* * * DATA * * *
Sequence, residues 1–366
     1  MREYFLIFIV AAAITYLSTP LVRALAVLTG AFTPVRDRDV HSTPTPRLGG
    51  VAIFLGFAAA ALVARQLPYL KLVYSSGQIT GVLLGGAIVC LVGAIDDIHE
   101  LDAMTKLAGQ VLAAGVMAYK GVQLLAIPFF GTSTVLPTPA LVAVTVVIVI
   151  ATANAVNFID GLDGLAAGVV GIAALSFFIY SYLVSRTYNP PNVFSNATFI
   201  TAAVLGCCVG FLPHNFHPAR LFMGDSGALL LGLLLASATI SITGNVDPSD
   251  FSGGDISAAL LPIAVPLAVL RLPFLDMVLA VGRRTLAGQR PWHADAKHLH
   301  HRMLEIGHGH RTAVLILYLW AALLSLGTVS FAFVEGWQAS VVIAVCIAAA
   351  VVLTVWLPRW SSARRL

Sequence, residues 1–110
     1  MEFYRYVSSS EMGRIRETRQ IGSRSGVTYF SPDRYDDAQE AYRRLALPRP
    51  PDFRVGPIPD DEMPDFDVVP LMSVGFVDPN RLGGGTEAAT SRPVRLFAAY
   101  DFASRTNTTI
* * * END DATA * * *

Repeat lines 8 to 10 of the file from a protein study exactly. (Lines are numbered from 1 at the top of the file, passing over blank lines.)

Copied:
   301  HRMLEIGHGH RTAVLILYLW AALLSLGTVS FAFVEGWQAS VVIAVCIAAA
   351  VVLTVWLPRW SSARRL

Sequence, residues 1–110